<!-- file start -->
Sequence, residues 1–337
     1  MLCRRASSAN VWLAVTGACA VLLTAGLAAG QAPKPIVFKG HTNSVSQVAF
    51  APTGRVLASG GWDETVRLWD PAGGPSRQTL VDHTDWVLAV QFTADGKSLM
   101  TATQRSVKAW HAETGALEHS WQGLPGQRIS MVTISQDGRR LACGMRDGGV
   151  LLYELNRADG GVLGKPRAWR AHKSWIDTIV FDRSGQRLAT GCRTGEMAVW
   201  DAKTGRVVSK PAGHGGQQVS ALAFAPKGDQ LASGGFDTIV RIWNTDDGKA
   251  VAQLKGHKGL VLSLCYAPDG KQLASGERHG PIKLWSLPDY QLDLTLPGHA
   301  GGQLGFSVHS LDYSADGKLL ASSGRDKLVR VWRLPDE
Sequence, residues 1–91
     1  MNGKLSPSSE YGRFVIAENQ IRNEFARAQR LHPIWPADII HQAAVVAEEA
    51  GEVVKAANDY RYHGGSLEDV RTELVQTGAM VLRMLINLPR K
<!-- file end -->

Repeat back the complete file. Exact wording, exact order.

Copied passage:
Sequence, residues 1–337
     1  MLCRRASSAN VWLAVTGACA VLLTAGLAAG QAPKPIVFKG HTNSVSQVAF
    51  APTGRVLASG GWDETVRLWD PAGGPSRQTL VDHTDWVLAV QFTADGKSLM
   101  TATQRSVKAW HAETGALEHS WQGLPGQRIS MVTISQDGRR LACGMRDGGV
   151  LLYELNRADG GVLGKPRAWR AHKSWIDTIV FDRSGQRLAT GCRTGEMAVW
   201  DAKTGRVVSK PAGHGGQQVS ALAFAPKGDQ LASGGFDTIV RIWNTDDGKA
   251  VAQLKGHKGL VLSLCYAPDG KQLASGERHG PIKLWSLPDY QLDLTLPGHA
   301  GGQLGFSVHS LDYSADGKLL ASSGRDKLVR VWRLPDE
Sequence, residues 1–91
     1  MNGKLSPSSE YGRFVIAENQ IRNEFARAQR LHPIWPADII HQAAVVAEEA
    51  GEVVKAANDY RYHGGSLEDV RTELVQTGAM VLRMLINLPR K